Machine learning helps solve problems in heliophysics

Machine learning helps solve problems in heliophysics

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Voice of editors is a blog from the AGU Publications Department.

Heliophysics is a broad subject that covers the study of the interior of the Sun, solar physics, the interplanetary medium, solar wind-magnetosphere interactions, the dynamics of the magnetosphere and its coupling with the ionosphere-thermosphere system, or the effects of space weather on space and terrestrial infrastructures.

Like all other disciplines, heliophysics is not immune to the machine learning revolution currently taking place in science.

Like all other disciplines, heliophysics is not immune to the machine learning revolution currently taking place in science. Indeed, many now recognize that the techniques and tools developed by computer scientists (often to address completely different applications), combined with big data and easy access to accelerated computing, are becoming the fourth pillar of scientific discovery. More importantly, it is now abundantly clear that data-driven approaches investigated through machine learning techniques will become increasingly mainstream and, therefore, are here to stay.

The heliophysical community now faces the challenge of overcoming the barrier of technical skills posed by machine learning that are not usually mastered by the typical scientist. We must therefore fully appreciate and critically understand what is within reach in a few years and what could be achieved in a decade.

Heliophysics is a highly interdisciplinary subject, where the focus of a research effort can range from basic understanding of physical phenomena to designing an operational space weather capability capable of forecasting specific events. The number of ways in which machine learning can be generally exploited in earth and space sciences has been presented in Bortnik and Camporeale (2021).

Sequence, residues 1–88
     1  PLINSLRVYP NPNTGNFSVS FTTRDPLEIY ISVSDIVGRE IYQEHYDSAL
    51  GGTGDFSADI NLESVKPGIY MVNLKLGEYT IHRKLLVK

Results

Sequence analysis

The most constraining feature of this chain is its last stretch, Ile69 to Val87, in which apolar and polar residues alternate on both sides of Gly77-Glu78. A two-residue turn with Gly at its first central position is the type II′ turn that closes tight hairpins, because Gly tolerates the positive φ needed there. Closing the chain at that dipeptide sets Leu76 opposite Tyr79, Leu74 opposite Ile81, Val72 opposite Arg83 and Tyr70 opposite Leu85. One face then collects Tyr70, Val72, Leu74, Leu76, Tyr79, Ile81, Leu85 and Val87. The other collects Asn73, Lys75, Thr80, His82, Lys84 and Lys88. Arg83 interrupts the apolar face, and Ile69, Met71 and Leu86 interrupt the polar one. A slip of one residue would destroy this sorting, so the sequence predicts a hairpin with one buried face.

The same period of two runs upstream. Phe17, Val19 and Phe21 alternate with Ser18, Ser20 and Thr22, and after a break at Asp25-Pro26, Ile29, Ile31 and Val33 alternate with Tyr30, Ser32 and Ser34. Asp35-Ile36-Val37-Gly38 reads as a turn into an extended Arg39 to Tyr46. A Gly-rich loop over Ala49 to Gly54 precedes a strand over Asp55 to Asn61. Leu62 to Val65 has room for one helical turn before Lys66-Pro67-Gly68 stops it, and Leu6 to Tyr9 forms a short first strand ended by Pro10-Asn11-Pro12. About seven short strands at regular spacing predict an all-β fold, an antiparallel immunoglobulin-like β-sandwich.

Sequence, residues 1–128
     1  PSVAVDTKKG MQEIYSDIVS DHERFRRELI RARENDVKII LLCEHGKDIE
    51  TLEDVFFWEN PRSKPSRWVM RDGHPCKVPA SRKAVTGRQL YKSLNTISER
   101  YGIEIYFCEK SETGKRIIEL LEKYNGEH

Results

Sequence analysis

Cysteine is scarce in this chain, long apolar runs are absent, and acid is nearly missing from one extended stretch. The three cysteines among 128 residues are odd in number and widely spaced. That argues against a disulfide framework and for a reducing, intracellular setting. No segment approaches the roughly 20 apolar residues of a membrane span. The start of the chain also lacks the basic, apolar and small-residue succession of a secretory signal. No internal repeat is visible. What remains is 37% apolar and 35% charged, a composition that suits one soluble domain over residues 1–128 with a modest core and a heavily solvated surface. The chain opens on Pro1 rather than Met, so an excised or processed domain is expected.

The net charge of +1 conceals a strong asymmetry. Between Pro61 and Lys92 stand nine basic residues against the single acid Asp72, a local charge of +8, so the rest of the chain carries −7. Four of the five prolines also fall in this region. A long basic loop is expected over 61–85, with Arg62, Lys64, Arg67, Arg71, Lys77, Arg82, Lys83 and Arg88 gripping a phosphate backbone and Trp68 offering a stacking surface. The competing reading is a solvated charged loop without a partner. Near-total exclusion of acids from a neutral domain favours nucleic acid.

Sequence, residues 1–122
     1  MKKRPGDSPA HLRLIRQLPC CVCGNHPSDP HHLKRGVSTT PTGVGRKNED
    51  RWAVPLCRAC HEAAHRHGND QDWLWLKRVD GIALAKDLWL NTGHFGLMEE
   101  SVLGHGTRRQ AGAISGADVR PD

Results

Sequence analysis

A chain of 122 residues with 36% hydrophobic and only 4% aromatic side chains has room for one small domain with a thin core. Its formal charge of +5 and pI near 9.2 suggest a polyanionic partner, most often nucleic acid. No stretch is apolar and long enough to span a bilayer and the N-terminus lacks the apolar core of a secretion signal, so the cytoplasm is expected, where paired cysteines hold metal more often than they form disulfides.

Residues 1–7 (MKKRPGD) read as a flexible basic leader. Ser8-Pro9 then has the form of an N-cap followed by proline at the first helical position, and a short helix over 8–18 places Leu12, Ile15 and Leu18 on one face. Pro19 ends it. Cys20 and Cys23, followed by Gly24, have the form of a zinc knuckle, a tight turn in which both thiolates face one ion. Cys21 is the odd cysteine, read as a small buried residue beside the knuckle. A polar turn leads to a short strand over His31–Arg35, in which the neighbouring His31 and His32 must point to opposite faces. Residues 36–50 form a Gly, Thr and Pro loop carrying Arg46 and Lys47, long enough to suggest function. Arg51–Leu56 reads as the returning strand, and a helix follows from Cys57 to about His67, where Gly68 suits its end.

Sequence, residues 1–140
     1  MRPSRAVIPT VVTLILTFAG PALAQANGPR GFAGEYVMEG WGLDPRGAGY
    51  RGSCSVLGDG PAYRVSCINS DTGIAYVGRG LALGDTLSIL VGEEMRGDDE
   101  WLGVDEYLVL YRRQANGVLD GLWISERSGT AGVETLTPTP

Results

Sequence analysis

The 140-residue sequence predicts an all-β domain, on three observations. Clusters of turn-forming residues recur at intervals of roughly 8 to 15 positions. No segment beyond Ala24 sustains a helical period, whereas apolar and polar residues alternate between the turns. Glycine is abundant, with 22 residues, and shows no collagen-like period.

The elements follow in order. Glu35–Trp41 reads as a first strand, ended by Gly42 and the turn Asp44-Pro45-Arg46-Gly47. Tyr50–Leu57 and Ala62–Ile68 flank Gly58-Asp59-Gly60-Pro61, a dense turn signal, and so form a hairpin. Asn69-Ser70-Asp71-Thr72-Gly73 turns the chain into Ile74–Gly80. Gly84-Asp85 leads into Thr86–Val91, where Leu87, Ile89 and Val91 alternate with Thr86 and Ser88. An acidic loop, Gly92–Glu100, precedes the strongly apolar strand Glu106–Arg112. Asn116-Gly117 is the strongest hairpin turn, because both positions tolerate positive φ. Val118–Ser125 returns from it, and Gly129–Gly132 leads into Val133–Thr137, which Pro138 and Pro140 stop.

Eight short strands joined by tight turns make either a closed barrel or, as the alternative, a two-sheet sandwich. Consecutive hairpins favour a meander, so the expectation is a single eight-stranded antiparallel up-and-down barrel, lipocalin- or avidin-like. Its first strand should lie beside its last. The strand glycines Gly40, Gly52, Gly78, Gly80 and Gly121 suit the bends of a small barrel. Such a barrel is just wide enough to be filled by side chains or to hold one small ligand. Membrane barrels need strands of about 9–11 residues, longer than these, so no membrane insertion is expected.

The new cross-journal special collection “Machine Learning in Heliophysics” follows the 2n/a edition of a community conference of the same name successfully held in Boulder, Colorado in March 2022. The conference program and many oral and poster presentations are still available for download. The main takeaway from the conference was that the field is rapidly moving from an exploratory phase where machine learning techniques have often been unsuccessfully attempted on problems that were not well suited for such approaches to a more mature which gives a much higher success rate and convincing results. .

Among all the possible uses of machine learning techniques in heliophysics, we highlight a few that we believe have the potential for a real scientific breakthrough in the next few years:

  • Reduced-order modeling or acceleration/emulation of computationally expensive physics-based models
  • Physics-based machine learning, where physics-based constraints are encoded in a machine learning architecture. This is often referred to as a “grey box” approach that bridges purely data-based (black box) and physics-based (white box) approaches, with the aim of leveraging the advantages of both approaches and limiting their weaknesses.
  • Data-guided discovery of new physical laws and/or new parameterizations of physical quantities

Other topics relevant to the special collection include inverse estimation of physical parameters, automatic event identification, feature detection and tracking, time series analysis of dynamical systems, combination of models based on physics with machine learning techniques, surrogate models and uncertainty quantification.

This is a joint special collection between Space weather, JGR: Space Physics, Geophysical Research Lettersand Earth and Space Sciences. Manuscripts may be submitted to any of these journals, depending on their fit with the scope and requirements of the journal.

—Enrico Camporeale (; 0000-0002-7862-6383), University of Colorado, USA; Veronique Delouille (0000-0001-5307-8045), Royal Observatory of Belgium, Belgium; Thomas Berger (0000-0002-4989-475X), University of Colorado, USA; and Sophie Murray (0000-0002-9378-5315), Dublin Institute for Advanced Studies, Ireland

Quote: Camporeale, E., V. Delouille, T. Berger and S. Murray (2022), Machine Learning Helps Solve Problems in Heliophysics, Eos, 103, Posted November 3, 2022.
This article does not represent the opinion of AGU, Eos, or any of its affiliates. This is solely the opinion of the author or authors.
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